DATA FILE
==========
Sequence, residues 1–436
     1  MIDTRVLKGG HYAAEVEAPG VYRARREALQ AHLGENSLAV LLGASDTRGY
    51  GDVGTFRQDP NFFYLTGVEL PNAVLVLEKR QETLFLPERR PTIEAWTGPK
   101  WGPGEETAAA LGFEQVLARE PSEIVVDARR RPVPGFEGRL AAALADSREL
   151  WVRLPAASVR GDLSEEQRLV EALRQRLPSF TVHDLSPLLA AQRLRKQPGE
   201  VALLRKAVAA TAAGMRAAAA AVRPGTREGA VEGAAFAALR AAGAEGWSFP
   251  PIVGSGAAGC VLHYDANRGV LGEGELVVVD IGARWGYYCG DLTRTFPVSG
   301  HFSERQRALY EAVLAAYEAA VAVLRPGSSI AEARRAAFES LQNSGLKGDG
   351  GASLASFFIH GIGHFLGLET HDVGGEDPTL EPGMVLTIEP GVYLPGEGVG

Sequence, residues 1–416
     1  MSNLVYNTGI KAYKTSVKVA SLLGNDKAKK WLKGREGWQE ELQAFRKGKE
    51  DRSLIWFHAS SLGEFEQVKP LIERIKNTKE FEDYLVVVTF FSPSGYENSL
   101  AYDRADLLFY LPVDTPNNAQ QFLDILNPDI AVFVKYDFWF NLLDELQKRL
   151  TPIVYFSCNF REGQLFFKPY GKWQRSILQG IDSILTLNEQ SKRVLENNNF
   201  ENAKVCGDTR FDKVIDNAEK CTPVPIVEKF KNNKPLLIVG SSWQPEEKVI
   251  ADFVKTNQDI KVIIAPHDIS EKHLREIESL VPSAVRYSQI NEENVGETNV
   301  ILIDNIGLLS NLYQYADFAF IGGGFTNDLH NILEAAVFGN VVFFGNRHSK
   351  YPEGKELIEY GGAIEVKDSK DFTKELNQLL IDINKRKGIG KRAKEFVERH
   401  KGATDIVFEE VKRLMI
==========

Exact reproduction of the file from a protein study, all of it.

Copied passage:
Sequence, residues 1–436
     1  MIDTRVLKGG HYAAEVEAPG VYRARREALQ AHLGENSLAV LLGASDTRGY
    51  GDVGTFRQDP NFFYLTGVEL PNAVLVLEKR QETLFLPERR PTIEAWTGPK
   101  WGPGEETAAA LGFEQVLARE PSEIVVDARR RPVPGFEGRL AAALADSREL
   151  WVRLPAASVR GDLSEEQRLV EALRQRLPSF TVHDLSPLLA AQRLRKQPGE
   201  VALLRKAVAA TAAGMRAAAA AVRPGTREGA VEGAAFAALR AAGAEGWSFP
   251  PIVGSGAAGC VLHYDANRGV LGEGELVVVD IGARWGYYCG DLTRTFPVSG
   301  HFSERQRALY EAVLAAYEAA VAVLRPGSSI AEARRAAFES LQNSGLKGDG
   351  GASLASFFIH GIGHFLGLET HDVGGEDPTL EPGMVLTIEP GVYLPGEGVG

Sequence, residues 1–416
     1  MSNLVYNTGI KAYKTSVKVA SLLGNDKAKK WLKGREGWQE ELQAFRKGKE
    51  DRSLIWFHAS SLGEFEQVKP LIERIKNTKE FEDYLVVVTF FSPSGYENSL
   101  AYDRADLLFY LPVDTPNNAQ QFLDILNPDI AVFVKYDFWF NLLDELQKRL
   151  TPIVYFSCNF REGQLFFKPY GKWQRSILQG IDSILTLNEQ SKRVLENNNF
   201  ENAKVCGDTR FDKVIDNAEK CTPVPIVEKF KNNKPLLIVG SSWQPEEKVI
   251  ADFVKTNQDI KVIIAPHDIS EKHLREIESL VPSAVRYSQI NEENVGETNV
   301  ILIDNIGLLS NLYQYADFAF IGGGFTNDLH NILEAAVFGN VVFFGNRHSK
   351  YPEGKELIEY GGAIEVKDSK DFTKELNQLL IDINKRKGIG KRAKEFVERH
   401  KGATDIVFEE VKRLMI